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Sometimes, I come across this weird usage of the definite article with the word 'Ukraine'. Keep in mind, it's a peer-reviewed scientific journal. Is it grammatical, and what is the origin of this unusual practice?

As this paper will show, states such as Georgia, the Ukraine and the Baltic States have been punished with supply interruptions and higher prices after their governments turned toward the West.

(from here)

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  • en.wikipedia.org/wiki/The – Lambie Aug 28 '20 at 17:20
  • @Lambie "Certain countries and regions the names of which derive from mountain ranges, rivers, deserts, etc. [...]" There's no such mountain, or river, or anything. Why then? – Sergey Zolotarev Aug 28 '20 at 17:34
  • Instead of being incensed, you should be happy. The something means there is only one. – Lambie Aug 28 '20 at 17:41
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    As a kid we learned to use 'the' with Congo, Gambia, Yemen, Lebanon, Sudan, Netherlands, Philippines and Bahamas. – Michael Harvey Aug 28 '20 at 17:56
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    Dropping 'the' is linguistic independence, the BBC says, to show they aren't some province of Russia. – Michael Harvey Aug 28 '20 at 18:00
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It's not ungrammatical, it's just outdated.

Historically there were certain countries that were usually referred to using a definite article. For example, "the Ukraine", "the Sudan", and "the Gambia".

Nowadays, it's preferred to only use "the" with country names that are plural (like "the Netherlands") or that include the form of government in their name (like "the Czech Republic"), but some speakers still use the historic forms for places like Ukraine and Sudan.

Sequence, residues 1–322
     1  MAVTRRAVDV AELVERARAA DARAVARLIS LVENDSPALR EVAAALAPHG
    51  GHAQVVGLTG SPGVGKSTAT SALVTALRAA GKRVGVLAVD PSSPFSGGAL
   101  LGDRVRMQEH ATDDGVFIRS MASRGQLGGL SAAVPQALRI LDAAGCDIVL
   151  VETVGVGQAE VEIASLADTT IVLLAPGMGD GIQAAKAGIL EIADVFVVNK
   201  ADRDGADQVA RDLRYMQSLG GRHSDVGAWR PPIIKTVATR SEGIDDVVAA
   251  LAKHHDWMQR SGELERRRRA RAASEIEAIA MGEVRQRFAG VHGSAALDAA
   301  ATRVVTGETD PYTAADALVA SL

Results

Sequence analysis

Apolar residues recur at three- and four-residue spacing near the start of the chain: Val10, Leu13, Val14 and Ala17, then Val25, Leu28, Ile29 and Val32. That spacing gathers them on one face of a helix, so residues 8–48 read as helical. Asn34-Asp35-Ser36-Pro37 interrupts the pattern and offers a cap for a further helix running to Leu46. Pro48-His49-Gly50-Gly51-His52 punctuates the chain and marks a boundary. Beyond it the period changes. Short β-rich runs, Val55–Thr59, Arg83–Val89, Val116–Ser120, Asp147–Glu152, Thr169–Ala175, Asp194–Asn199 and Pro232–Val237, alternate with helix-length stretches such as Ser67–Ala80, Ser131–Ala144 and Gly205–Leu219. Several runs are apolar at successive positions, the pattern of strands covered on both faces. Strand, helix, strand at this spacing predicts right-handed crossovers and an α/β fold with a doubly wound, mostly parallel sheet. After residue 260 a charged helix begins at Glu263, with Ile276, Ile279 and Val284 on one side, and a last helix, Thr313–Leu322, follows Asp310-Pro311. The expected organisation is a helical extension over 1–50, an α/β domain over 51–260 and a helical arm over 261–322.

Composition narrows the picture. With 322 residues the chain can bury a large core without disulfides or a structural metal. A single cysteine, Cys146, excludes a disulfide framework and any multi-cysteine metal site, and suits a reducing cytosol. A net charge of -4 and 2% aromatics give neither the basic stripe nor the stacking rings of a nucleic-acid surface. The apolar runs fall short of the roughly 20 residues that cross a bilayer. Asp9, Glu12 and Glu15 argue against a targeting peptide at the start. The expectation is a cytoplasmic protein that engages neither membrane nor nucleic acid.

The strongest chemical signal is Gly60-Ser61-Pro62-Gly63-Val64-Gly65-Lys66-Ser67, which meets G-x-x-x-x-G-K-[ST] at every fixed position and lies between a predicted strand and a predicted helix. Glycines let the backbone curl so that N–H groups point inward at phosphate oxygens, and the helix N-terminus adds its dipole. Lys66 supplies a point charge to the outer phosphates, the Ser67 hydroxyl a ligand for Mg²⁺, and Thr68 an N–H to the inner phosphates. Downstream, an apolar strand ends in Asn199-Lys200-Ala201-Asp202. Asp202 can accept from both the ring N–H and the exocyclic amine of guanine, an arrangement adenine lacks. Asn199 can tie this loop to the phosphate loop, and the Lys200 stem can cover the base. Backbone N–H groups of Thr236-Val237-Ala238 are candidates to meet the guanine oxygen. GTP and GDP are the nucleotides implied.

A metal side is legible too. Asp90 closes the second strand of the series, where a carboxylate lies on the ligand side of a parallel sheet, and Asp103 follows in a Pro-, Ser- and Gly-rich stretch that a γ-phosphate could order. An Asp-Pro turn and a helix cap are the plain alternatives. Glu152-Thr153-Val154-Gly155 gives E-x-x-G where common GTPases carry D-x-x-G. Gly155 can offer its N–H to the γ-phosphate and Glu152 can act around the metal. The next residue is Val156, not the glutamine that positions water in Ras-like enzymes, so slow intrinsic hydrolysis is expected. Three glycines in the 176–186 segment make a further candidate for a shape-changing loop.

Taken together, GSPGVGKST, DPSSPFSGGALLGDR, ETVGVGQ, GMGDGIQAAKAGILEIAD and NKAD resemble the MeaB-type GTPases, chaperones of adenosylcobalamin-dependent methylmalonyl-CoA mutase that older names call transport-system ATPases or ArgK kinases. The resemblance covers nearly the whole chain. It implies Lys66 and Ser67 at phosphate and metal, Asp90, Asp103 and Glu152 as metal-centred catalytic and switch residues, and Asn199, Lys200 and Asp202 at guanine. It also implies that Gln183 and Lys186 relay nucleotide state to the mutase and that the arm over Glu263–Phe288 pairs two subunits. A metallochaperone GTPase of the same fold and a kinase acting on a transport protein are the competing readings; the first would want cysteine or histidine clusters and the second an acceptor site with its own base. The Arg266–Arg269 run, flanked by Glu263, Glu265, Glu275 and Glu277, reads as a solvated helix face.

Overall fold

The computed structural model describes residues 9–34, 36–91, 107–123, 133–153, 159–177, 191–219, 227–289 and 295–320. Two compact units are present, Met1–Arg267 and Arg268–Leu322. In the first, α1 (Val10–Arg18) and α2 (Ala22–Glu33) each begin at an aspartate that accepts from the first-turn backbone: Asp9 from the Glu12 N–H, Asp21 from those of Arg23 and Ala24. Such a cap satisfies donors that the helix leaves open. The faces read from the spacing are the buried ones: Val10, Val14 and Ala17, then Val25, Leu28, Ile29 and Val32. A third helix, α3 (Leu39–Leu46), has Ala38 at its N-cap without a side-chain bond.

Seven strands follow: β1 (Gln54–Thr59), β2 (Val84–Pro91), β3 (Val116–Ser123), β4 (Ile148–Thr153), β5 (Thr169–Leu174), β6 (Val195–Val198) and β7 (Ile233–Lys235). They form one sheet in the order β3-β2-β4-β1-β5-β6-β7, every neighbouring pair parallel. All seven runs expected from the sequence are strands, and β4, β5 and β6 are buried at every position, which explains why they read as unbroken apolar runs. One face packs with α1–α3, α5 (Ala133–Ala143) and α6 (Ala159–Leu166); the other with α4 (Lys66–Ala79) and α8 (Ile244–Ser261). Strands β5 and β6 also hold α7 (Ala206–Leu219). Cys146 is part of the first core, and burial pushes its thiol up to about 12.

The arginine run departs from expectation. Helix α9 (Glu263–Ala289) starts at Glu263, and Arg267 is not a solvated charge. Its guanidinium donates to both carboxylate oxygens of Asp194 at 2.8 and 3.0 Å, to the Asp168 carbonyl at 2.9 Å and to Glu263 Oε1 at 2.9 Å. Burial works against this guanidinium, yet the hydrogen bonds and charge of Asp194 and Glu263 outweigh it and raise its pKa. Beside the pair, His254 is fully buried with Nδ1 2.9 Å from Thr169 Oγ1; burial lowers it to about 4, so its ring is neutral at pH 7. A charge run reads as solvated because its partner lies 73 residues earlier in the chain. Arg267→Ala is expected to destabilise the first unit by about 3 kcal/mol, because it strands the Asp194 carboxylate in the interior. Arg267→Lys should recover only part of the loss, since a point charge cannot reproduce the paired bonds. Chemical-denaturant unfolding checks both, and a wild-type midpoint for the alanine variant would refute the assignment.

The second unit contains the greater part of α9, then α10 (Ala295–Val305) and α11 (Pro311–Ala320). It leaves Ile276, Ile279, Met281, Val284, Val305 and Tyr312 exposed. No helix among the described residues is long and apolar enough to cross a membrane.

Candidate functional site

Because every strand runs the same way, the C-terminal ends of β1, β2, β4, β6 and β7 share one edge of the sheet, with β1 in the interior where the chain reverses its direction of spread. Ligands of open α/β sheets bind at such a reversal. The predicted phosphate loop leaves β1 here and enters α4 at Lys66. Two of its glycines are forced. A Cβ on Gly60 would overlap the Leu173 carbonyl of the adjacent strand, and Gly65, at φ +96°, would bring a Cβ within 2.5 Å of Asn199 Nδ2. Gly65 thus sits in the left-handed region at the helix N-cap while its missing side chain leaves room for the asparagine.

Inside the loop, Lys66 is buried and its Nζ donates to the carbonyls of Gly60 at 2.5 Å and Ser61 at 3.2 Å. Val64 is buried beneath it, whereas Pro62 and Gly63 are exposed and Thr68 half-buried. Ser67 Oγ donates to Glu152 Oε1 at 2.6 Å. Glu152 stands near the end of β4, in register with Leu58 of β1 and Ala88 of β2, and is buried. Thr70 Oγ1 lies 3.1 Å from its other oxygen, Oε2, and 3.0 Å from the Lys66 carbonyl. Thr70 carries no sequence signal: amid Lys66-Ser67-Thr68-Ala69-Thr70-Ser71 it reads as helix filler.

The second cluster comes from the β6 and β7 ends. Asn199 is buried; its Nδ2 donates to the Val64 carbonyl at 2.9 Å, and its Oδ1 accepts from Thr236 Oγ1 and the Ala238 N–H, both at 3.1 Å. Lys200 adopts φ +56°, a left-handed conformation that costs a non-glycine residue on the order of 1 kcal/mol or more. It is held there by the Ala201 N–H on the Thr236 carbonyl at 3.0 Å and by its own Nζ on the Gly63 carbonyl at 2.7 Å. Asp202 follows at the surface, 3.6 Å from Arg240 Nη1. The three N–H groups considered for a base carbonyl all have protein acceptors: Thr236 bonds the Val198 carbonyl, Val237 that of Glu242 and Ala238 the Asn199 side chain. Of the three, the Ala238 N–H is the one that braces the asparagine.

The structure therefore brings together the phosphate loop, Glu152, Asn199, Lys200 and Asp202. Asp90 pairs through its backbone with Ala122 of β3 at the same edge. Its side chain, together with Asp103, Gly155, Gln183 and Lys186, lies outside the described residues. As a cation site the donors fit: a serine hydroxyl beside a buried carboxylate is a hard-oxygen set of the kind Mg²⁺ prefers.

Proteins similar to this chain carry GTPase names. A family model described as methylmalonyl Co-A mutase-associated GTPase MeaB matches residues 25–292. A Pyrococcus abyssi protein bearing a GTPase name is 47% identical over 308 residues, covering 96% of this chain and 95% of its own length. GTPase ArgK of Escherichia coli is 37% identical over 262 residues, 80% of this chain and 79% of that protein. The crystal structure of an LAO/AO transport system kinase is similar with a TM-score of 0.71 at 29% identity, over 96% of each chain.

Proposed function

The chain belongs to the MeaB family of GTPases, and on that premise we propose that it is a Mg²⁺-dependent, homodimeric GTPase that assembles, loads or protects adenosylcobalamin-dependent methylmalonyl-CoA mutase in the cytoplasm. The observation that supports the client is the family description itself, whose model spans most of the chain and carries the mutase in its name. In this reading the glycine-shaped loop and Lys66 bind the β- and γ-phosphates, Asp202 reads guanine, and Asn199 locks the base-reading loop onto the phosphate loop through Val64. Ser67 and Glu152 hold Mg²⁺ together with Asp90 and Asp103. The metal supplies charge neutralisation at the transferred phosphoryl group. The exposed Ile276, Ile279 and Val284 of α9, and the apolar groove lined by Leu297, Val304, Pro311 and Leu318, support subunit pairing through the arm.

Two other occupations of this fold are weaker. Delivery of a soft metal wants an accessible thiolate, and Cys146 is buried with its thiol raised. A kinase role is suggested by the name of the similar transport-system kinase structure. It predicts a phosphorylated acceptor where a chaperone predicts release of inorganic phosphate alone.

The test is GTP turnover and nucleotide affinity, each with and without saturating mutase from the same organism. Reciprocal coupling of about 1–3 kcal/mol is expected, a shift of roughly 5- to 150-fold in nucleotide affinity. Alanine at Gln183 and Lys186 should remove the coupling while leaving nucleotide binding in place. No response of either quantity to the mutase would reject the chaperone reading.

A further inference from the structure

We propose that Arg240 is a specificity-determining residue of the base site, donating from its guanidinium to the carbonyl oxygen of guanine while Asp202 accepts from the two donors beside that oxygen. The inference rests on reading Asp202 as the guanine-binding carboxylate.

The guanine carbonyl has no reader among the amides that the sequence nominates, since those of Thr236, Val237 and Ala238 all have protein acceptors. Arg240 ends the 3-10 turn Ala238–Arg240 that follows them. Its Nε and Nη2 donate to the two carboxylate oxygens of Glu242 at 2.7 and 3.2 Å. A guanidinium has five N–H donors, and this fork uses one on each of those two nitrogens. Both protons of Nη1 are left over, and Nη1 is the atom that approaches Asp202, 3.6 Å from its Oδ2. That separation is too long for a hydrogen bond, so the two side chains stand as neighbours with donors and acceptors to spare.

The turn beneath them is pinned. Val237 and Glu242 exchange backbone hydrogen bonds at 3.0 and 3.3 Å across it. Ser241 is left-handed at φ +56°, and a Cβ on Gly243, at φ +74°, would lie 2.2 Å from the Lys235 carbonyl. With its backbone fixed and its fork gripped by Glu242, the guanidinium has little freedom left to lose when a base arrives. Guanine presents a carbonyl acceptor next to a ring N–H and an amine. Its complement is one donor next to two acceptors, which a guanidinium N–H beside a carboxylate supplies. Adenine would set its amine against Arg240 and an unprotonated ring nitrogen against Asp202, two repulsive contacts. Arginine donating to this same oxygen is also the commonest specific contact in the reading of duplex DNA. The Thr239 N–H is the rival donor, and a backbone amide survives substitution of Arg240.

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    My wife had to call the police in Lincoln, Nebraska from Britain, a relative over there had had an accident. She said "I'm calling from the UK" and the cop said "I didn't know he's from the Ukraine, he speaks really good English". I guess the line was poor. – Michael Harvey Aug 28 '20 at 17:54
  • @MichaelHarvey This cracked me up. What did she say back to the cop? – Eddie Kal Aug 28 '20 at 17:55
  • She said THE YEW KAY and the guy still didn't understand. She tried "Britain", and finally when she said "England" the penny (or cent) dropped. – Michael Harvey Aug 28 '20 at 17:57
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Etymologically, "Ukraine" means "borderland", and "the borderland" is a typical usage for a region known by a descriptive name ("the west coast", "the United Kingdom", etc.).

As I understand it, Ukrainians found this to be Russian-centric¹, and preferred "Ukraine" to be treated like a proper noun, not a description. So just "Ukraine" became the standard usage at some point—upon independence from the Soviet Union, says this BBC Magazine article. But many people learned to use "the" growing up, and old habits die hard.


¹ Which makes me wonder, was the definite article meant to reflect some Russian usage, or did it just seem "right" to speakers of other languages? As I understand it, Russian doesn't have definite articles, but is there some structure or connotation in Russian that was best translated by inserting "the"?

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